Buy Low Sell High. Here’s How you do it!

Everyone talks about it but how do you actually do it? Introduction to some really simple technical analysis.

I am sure you are familiar with the phrase “Buy Low Sell High” when it comes to markets/investing and the reason why it is so popular is because in almost every finance/investment article or publication you would ever read, somewhere in there the author would have advised you to follow this principle. However, in most cases no one really ever tells you how to do it based on a set of specific rules and instead usually the focus in on general guidelines such as buying when the economy is doing well, buying at low valuations etc.

For those of you who have been doing investments in the past may recognize that making such a claim is way easier than it is actually to implement it in practice. There are many reasons for failure to implement it successfully over time but the primary among them are

  1. Emotional urge to sell in panic when market drops after purchase.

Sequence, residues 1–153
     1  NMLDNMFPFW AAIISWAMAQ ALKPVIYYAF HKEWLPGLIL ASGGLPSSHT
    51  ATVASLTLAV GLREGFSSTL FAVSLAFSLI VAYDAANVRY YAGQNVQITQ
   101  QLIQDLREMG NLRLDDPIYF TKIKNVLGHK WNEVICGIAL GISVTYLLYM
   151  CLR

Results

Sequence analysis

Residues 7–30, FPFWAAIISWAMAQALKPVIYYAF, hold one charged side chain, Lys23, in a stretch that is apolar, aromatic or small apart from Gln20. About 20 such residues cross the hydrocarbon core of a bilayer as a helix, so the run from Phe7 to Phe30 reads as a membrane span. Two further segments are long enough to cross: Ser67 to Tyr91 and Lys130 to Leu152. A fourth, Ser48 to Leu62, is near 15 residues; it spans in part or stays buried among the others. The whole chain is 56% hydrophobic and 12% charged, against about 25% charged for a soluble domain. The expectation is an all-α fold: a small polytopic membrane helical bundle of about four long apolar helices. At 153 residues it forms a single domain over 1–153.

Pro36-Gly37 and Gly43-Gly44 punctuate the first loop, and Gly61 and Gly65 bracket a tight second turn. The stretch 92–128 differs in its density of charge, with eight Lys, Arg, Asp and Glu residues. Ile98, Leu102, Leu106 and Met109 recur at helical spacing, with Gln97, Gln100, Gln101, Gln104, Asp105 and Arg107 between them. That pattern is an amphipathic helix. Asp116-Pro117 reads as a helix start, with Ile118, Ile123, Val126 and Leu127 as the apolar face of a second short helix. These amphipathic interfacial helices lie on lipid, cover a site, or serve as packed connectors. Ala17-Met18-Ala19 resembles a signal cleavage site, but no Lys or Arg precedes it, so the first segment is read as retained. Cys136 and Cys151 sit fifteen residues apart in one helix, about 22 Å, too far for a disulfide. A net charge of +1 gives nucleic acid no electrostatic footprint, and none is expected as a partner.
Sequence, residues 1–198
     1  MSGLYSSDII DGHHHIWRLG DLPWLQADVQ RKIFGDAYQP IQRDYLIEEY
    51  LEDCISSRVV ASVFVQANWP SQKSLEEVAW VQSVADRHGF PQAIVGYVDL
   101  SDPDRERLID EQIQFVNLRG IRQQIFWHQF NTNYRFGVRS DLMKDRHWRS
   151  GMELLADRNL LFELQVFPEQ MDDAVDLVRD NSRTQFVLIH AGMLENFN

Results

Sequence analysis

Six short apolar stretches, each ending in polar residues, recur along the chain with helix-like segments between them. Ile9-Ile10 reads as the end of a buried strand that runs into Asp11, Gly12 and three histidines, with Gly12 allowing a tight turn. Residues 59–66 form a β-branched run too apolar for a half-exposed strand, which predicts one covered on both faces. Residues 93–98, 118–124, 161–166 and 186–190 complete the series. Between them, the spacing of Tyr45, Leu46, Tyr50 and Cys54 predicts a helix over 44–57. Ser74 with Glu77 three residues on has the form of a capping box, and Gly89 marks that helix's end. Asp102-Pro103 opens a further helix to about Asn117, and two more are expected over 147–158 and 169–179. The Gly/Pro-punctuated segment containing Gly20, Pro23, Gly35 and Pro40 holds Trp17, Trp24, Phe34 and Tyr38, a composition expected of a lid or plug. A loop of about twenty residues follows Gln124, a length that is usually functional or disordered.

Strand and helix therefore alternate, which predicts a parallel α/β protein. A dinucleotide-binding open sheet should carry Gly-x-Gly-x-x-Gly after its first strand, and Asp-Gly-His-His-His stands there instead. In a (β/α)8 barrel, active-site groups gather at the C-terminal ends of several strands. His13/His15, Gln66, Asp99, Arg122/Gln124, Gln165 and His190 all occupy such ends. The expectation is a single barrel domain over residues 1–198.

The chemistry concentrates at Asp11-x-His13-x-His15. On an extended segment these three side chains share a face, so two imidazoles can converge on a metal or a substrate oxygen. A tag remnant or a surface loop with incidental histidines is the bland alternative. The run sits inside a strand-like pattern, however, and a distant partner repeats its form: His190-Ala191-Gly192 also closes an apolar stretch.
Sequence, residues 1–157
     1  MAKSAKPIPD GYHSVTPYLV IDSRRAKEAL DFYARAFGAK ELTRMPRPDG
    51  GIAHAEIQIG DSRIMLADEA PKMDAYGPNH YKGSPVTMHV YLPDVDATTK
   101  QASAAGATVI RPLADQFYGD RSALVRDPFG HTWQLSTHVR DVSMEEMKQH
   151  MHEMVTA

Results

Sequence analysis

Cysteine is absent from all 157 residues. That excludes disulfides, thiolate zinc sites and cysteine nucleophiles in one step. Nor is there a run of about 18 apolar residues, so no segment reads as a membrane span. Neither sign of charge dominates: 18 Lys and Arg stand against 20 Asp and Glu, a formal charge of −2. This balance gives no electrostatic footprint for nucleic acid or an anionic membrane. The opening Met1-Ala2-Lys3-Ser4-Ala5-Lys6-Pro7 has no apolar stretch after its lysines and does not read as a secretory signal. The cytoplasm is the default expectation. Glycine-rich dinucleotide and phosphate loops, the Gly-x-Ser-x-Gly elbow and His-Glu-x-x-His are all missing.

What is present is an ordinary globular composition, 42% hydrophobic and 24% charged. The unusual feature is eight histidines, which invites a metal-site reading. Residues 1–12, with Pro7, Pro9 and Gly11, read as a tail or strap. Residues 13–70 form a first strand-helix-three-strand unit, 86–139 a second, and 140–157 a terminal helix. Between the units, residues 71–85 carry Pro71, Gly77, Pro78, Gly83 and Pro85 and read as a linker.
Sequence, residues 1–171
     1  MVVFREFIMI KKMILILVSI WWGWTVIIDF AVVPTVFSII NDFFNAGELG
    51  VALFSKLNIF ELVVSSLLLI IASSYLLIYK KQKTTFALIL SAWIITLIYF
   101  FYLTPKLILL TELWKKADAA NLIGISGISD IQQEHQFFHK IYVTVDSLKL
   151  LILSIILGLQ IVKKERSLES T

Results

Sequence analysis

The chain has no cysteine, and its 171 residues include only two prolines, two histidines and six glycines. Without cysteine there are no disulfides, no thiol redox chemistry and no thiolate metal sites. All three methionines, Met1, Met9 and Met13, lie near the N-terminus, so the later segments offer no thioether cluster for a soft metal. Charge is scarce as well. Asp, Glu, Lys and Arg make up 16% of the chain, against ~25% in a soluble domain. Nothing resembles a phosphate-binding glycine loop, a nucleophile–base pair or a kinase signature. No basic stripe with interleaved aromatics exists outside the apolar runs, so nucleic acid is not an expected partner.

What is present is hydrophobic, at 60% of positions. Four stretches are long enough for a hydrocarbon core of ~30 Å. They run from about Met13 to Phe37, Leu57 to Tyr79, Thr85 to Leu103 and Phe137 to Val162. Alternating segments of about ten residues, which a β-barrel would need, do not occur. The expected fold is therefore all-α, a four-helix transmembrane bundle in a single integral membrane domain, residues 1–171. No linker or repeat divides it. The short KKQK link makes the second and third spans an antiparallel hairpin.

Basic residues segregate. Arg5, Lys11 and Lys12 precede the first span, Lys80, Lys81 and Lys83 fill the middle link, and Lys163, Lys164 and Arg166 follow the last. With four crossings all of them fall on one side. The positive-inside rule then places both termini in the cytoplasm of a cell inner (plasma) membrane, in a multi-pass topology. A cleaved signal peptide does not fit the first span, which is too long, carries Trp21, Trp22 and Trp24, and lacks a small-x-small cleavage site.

2. Lack of any guideline on when is actually a good time to sell etc.

For individual stocks it is even more difficult to implement a buy low and sell high strategy as a cheap stock may become cheaper still or the company may even go bankrupt, so how low is low when making a buy decision and similarly how high is high before you should sell as many of us have watched with regret a stock continue to trend higher after we sold it off.

First of all, let me clarify that I do NOT have a magic formula and nor can I guarantee that the methodology I will share with you will work perfectly at all times. Secondly, I must categorically state that the method is designed to work with indexes (Index funds or ETFs can replicate Indexes) or diversified portfolios such as mutual funds.

Before I proceed further, please look at the charts for S&P 500 Index since 1975.


S&P 500 (normal scale)